Event Title

Effect of Obesity on the Wound Healing Process

Advisor(s)

Irena Levitan, University of Illinois at Chicago

Yedida Bogachkov, University of Illinois at Chicago

Location

Room A117

Start Date

26-4-2019 10:25 AM

End Date

26-4-2019 10:40 AM

Abstract

Obesity is a common health condition where there is an excess and often dangerously high amount of fat in the body, measured by a Body Mass Index (BMI) above 30.0. We hypothesized that obesity may have a significant negative impact of the process of wound healing, the process of wound closure by the formation of new tissue. This hypothesis is based on recent studies in our lab showing that elevation of blood cholesterol in genetically modified mice results in a delayed wound closure and delayed angiogenesis. Our current study investigates how diet-inflicted obesity alone affects the wound healing process. The study compares wild type mice (B6/C57 background) that were fed either a normal chow diet or a high-fat diet. After 24 weeks on diet, wounds were inflicted via skin punch biopsies on the dorsal side of the mice and the area of the wound was measured over the course of ten days. Our results show, however, that there was no noticeable difference in wound closure between the normal and obese mice. These results suggest that in contrast to hypercholesterolemia, obesity alone does not have significant negative effect on wound healing in a mouse model of skin wounds.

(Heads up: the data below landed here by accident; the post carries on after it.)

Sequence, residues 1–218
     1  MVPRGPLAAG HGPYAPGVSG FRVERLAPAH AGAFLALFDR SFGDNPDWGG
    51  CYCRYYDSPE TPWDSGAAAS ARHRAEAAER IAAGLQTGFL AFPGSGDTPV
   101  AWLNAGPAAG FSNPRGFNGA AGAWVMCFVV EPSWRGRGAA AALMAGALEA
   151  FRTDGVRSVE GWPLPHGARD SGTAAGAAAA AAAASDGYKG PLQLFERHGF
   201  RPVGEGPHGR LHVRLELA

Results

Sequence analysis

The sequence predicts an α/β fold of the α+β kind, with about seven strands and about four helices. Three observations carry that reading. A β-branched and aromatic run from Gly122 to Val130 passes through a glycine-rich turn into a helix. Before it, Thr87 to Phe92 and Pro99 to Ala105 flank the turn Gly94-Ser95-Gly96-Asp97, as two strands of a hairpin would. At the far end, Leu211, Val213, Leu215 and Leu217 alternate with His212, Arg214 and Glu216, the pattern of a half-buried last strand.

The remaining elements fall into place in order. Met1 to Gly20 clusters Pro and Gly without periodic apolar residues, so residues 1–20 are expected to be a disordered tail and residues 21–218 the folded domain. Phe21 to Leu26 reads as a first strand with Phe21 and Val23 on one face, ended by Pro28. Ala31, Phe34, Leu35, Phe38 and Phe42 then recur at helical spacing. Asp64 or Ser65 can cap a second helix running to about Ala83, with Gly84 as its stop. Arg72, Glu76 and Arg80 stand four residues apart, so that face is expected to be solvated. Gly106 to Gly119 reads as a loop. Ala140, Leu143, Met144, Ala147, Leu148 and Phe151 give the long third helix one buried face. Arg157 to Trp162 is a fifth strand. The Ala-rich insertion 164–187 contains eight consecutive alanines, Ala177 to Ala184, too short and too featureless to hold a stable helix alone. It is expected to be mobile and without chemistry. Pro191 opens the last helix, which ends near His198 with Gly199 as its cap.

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Apr 26th, 10:25 AM Apr 26th, 10:40 AM

Effect of Obesity on the Wound Healing Process

Room A117

Obesity is a common health condition where there is an excess and often dangerously high amount of fat in the body, measured by a Body Mass Index (BMI) above 30.0. We hypothesized that obesity may have a significant negative impact of the process of wound healing, the process of wound closure by the formation of new tissue. This hypothesis is based on recent studies in our lab showing that elevation of blood cholesterol in genetically modified mice results in a delayed wound closure and delayed angiogenesis. Our current study investigates how diet-inflicted obesity alone affects the wound healing process. The study compares wild type mice (B6/C57 background) that were fed either a normal chow diet or a high-fat diet. After 24 weeks on diet, wounds were inflicted via skin punch biopsies on the dorsal side of the mice and the area of the wound was measured over the course of ten days. Our results show, however, that there was no noticeable difference in wound closure between the normal and obese mice. These results suggest that in contrast to hypercholesterolemia, obesity alone does not have significant negative effect on wound healing in a mouse model of skin wounds.